“After every election, the NAM evaluates what cases we need to be involved in to protect manufacturers’ interests. As the dynamics have changed over the last several months, we no longer feel that our participation in this case is needed to safeguard industry and our workers,” Kelly told The Post.
The judge will have to approve NAM’s request to pull out. Olson is OK with that, but says she thinks NAM and any other groups that pull out should pay the young plaintiff’s legal costs. “To us, all three of them should leave, and they should leave with prejudice, which would mean they cannot come back and participate in the case,” she said. “And we believe they should have to pay the plaintiffs’ cost for litigating against them for 18 months, and winning against them for 18 months. Now that they’re in the hot seat, they don’t want to play anymore.”
NAM’s decision comes as industry groups are deciding whether to admit to the facts of the case, as asserted by the young plaintiffs. By the end of the day on Thursday, May 25, groups will have to state whether they agree with 98 statements that undergird the case – many of which deal with climate science, such as “greenhouse-gas pollution endangers the public health and welfare of current and future generations.” An attorney for the industry groups said his clients were unable to reach a consensus about what stance to take on these statements.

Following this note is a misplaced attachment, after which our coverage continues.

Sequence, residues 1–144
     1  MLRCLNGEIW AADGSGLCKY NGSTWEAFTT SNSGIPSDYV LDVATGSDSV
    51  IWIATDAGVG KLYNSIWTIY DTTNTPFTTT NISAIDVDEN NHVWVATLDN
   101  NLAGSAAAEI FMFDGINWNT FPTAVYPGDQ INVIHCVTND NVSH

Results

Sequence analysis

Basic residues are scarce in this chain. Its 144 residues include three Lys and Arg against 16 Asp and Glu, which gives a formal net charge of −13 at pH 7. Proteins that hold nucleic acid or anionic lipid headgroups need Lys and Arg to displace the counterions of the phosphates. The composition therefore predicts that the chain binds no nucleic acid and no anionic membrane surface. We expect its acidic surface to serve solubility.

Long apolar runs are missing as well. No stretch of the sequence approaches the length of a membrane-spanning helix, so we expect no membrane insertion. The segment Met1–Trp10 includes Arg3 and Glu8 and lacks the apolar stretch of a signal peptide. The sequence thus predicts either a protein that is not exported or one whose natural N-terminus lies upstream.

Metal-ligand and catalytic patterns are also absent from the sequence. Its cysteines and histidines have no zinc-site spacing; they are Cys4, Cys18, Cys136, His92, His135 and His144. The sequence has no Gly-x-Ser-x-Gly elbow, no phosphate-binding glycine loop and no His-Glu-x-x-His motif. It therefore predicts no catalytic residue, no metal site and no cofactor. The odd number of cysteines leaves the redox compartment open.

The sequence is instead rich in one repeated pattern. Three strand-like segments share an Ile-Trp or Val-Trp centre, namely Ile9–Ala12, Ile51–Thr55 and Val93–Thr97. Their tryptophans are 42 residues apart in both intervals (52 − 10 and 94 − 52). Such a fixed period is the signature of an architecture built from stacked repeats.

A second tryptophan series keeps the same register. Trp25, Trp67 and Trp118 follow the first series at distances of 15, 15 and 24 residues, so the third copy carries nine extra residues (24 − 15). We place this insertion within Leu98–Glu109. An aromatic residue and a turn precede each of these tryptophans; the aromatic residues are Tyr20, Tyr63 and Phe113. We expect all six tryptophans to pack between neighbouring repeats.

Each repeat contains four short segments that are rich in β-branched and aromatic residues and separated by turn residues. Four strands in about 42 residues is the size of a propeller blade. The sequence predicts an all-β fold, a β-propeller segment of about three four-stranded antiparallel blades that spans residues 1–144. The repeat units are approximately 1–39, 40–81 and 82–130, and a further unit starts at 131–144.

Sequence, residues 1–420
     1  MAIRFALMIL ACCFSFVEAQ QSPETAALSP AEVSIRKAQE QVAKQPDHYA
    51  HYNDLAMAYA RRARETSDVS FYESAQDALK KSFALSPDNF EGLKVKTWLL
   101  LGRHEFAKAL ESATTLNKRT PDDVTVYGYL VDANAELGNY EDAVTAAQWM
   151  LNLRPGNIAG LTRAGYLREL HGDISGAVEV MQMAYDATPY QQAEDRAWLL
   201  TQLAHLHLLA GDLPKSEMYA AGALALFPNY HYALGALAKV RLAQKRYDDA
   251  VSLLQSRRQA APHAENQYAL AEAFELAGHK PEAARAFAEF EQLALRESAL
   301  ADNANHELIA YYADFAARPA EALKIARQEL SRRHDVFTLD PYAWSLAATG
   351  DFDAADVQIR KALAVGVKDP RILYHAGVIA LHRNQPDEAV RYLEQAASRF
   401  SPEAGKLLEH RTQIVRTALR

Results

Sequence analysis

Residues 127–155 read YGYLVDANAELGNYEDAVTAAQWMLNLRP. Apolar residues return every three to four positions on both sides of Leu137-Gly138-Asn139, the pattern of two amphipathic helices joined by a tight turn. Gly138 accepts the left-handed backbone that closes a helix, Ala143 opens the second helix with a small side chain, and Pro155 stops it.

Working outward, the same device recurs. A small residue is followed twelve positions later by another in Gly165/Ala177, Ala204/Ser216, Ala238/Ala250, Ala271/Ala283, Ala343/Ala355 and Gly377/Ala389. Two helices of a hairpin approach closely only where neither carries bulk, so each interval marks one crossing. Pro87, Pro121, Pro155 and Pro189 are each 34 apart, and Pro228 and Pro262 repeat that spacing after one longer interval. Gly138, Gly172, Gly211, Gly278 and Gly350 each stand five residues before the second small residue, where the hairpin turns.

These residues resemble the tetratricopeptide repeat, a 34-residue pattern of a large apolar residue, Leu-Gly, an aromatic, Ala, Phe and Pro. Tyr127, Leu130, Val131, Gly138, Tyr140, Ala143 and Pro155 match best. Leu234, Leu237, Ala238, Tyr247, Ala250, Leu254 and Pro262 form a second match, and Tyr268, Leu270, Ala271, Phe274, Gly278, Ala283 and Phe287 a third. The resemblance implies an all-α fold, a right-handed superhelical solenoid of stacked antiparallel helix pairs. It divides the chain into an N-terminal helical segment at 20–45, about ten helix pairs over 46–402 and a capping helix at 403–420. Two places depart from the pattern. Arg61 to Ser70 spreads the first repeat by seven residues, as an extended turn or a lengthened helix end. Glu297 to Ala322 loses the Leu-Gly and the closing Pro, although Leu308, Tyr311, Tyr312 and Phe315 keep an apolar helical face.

The plaintiffs are also seeking documents from the industry groups about their lobbying activity and their internal discussions about climate change. For more than a decade, NAM and the other groups lobbied forcefully against climate action, and sought to undermine scientific findings about the threat climate change posed. The plaintiffs are hoping to document, through discovery, these group’s “knowledge of climate change and how dangerous it is and the causes of it,” Olson says.
The case comes as environmentalists increasingly look to the courts for action on climate change. With a climate change denier in the White House and foes of climate action holding the upper hand in both houses of Congress, environmentalists hope the third branch of government might hold the key to progress. A recent survey by the UN Environmental Programme and the Columbia University’s Sabin Center for Climate Change Law found that the U.S. lead the world in climate change-related lawsuits: 654 climate-related cases have been filed in U.S. courts, compared with 230 cases in all other countries combined.
Cases like Our Children’s Trust’s federal suit appear to have big polluters concerned, and are giving environmentalists cause for optimism. Judge Aiken’s ruling last November that the suit could move forward, issued only days after Donald Trump was elected, “offered some hope that the courts will stand as a bulwark against what will be a long, hard-fought battle – a real onslaught against environmental protections,” Michael Burger, the executive director the Sabin Center, told BillMoyers.com earlier this month.